John Burnett John Burnett is the Southwest Correspondent on the National Desk.
John Burnett at NPR headquarters in Washington, D.C., September 27, 2018. (photo by Allison Shelley)
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John Burnett

Maria Guereca in her apartment in Juarez, Mexico, holding a picture of her son, Sergio Hernandez the day the Supreme Court news came down. He was killed by a Border Patrol agent seven years ago this month. John Burnett/NPR hide caption

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Mom Of Cross-Border Shooting Victim 'Still Waiting For Victory'

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Maria Guadalupe Guereca, 60, visits the grave of her son Sergio Hernandez Guereca at the Jardines del Recuerdo cemetery in Juarez, Mexico, earlier this year. Her son was shot by a U.S. agent across the border in 2010. Yuri Cortez/AFP/Getty Images hide caption

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Yuri Cortez/AFP/Getty Images

Donkeys with "kill tags," wait in export pens in Eagle Pass, Texas, destined for slaughterhouses in Mexico. Chinese are buying up donkey skins around the world to use in making traditional medicine. Julie Caramonte/Equine Welfare Alliance and Wild Horse Freedom Foundation hide caption

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Julie Caramonte/Equine Welfare Alliance and Wild Horse Freedom Foundation

Amid Growing Threats, Donkey Rescuers Protect The Misunderstood Beasts Of Burden

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Orlando, whose nickname is the Wolf, is a human smuggler in Matamoros who says far fewer people want to employ his services and jump the border, with the Trump administration. John Burnett/NPR hide caption

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Illegal Border Crossings Are Down, And So Is Business For Smugglers

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Officer Jesus Robles (at right) and Officer Jason Cisneroz, community service officers in the Houston Police Department, have noticed that fewer unauthorized Latinos step forward to report crimes out of fear of deportation. John Burnett/NPR hide caption

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New Immigration Crackdowns Creating 'Chilling Effect' On Crime Reporting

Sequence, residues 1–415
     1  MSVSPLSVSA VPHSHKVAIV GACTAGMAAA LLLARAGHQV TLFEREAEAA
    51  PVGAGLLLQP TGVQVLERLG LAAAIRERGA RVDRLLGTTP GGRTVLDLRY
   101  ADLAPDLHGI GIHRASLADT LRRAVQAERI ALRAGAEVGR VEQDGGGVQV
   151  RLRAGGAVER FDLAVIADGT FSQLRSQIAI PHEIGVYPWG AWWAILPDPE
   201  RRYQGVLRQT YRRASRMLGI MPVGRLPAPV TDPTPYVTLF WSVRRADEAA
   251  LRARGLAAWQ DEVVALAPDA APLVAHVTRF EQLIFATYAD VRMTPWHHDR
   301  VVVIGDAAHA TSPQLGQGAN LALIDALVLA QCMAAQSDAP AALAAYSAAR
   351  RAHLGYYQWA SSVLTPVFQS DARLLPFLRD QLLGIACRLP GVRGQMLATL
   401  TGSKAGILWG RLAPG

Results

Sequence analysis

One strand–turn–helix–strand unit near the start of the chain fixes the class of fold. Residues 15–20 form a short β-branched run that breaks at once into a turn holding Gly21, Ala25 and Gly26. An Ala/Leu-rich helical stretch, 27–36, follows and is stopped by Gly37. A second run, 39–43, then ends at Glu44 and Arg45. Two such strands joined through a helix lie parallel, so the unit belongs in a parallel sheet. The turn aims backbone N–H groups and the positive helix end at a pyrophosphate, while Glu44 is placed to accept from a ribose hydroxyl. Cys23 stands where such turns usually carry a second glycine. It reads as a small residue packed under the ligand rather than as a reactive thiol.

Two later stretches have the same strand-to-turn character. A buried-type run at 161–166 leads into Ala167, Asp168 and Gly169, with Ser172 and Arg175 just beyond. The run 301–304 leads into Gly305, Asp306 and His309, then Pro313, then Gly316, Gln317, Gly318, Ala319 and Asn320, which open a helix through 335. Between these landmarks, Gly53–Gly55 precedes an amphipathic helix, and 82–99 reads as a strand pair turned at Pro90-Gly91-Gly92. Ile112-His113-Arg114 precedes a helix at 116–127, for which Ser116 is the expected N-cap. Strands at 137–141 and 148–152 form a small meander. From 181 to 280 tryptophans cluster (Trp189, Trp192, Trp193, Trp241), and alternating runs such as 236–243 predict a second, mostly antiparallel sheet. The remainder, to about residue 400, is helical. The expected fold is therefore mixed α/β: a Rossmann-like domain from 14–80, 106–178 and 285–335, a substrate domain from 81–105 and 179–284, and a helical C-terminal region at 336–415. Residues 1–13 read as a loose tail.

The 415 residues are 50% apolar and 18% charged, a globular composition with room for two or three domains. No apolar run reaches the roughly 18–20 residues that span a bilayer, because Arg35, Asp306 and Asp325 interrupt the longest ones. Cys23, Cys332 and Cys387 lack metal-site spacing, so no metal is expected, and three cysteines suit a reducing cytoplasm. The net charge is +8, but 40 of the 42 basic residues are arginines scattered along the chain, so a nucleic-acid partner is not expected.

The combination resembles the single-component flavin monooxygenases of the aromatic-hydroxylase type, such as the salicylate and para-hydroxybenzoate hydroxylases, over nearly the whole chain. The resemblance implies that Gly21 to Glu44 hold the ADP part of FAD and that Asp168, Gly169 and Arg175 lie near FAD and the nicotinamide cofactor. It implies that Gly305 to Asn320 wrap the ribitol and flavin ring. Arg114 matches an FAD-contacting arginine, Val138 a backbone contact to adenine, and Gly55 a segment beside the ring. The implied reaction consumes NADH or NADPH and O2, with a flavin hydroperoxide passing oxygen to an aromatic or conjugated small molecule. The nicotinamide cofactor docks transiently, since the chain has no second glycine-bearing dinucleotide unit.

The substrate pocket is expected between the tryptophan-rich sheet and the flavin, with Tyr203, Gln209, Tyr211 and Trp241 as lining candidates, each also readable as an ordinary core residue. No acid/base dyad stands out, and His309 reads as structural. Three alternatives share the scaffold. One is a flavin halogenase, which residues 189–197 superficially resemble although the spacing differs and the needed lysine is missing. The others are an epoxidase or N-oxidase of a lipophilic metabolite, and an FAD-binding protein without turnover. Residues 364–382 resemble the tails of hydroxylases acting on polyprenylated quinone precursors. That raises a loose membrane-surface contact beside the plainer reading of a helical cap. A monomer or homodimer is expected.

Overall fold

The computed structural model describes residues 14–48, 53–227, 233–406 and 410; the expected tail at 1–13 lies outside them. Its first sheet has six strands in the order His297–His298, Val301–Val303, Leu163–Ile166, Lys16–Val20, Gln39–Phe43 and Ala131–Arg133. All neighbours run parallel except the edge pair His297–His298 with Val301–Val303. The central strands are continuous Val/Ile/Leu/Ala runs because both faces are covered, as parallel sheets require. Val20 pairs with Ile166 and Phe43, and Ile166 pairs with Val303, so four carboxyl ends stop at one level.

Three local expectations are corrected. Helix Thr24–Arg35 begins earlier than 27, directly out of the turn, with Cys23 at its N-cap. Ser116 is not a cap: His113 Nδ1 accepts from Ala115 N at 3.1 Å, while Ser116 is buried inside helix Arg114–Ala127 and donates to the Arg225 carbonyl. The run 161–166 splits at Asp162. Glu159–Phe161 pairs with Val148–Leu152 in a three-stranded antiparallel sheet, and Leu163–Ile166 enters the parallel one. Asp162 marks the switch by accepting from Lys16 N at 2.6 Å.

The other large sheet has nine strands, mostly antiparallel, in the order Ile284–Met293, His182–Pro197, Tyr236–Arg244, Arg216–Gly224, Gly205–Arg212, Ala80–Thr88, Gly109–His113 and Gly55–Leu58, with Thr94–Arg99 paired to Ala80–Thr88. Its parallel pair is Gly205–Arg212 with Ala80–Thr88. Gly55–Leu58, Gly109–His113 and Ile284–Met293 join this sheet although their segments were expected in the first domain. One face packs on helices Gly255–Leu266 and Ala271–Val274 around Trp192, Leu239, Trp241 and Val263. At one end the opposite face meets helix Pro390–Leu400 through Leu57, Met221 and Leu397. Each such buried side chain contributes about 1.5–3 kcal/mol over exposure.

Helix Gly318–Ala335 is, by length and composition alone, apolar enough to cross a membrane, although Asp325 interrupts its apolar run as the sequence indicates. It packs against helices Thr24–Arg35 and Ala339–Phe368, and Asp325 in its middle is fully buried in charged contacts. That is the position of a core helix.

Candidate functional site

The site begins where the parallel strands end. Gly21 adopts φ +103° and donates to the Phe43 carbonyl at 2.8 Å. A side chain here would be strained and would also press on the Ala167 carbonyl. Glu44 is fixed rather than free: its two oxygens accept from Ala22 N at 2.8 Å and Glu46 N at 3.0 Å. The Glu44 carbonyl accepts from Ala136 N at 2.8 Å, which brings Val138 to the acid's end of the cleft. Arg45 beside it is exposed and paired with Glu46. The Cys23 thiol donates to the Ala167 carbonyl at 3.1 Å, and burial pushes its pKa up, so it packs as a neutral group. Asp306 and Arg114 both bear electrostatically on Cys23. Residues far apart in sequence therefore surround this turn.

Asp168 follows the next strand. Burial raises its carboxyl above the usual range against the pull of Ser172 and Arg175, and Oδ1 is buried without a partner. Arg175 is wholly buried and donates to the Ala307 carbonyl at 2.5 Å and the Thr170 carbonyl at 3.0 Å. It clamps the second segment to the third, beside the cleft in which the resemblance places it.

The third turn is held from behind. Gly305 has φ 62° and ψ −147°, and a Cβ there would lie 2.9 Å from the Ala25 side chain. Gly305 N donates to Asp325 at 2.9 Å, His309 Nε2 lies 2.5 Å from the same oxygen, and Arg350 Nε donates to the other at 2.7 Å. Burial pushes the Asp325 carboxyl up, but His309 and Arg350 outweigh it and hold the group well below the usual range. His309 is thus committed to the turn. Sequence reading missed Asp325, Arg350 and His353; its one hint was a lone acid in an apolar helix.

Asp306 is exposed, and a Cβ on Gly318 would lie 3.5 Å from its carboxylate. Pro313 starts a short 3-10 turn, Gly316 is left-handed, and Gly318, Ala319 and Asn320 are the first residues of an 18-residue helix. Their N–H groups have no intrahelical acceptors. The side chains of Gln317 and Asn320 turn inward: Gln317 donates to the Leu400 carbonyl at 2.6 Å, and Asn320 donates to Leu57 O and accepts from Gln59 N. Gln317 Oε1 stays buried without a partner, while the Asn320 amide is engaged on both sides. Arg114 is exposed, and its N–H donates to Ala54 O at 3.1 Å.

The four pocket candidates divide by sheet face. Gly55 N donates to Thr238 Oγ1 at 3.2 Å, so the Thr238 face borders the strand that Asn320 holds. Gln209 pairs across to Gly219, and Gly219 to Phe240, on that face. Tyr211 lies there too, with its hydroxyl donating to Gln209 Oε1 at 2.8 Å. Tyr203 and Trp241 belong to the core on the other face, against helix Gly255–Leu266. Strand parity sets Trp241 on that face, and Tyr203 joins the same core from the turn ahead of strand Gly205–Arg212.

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Raul Reyes is mayor of El Cenizo, a small Texas border town with five volunteer police officers. For years, the city was an impoverished colonia, without running water, paved streets or electricity. It was finally incorporated in 1989. John Burnett/NPR hide caption

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Tiny And Defiant, Texas Town Launches Headfirst Into 'Show Me Your Papers' Debate

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Raymond Skiles, longtime wildlife biologist at Big Bend National Park, says that animals require free access to the Rio Grande as their primary water source. John Burnett/NPR hide caption

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In Big Bend, Texas, There's Bipartisan Consensus: No Border Wall

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Bloqueadas por una cerca con acceso para transeúntes, las aguas de inundación de Headquarters Wash cerca de Lukeville, Arizona, fluyeron a lo largo de la cerca hasta el control fronterizo mexicano de Sonoyta, Sonora, en 2008. Walt Frerck/AP hide caption

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A view from the International bridge between Presidio, Texas, and Ojinaga, Mexico, shows the flooded checkpoint between the two cities on Sept. 17, 2008. A levee broke and water from the Rio Grande inundated parts of the city with 10 feet of water. Walt Frerck/AP hide caption

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Mexico Worries That A New Border Wall Will Worsen Flooding

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Johnny Nicholas, the owner of the Hilltop Cafe, books a dinner concert in the dining room once a month. The bluesman and his wife opened the restaurant in 1980. John Burnett/NPR hide caption

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Both The Food And The Music Are Made From Scratch At This Texas Joint

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Hiro Yazawa of Japan Cell displays a spotlight weapon that sells for $5,000 at the Border Security Expo in San Antonio on Tuesday. John Burnett/NPR hide caption

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With Trump's Border Plans, Security And Surveillance Firms Eye Bigger Profits

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Border Security Takes Spotlight At Annual Industry Meeting

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An immigration detainee stands near a U.S. Immigration and Customs Enforcement (ICE) grievance box last month in the high security unit at the Theo Lacy Facility, a county jail in Orange, Calif., that also houses immigration detainees arrested by ICE. Robyn Beck/AFP/Getty Images hide caption

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Spotlight On Migrant Crimes Drums Up Support For Trump's Immigration Dragnet

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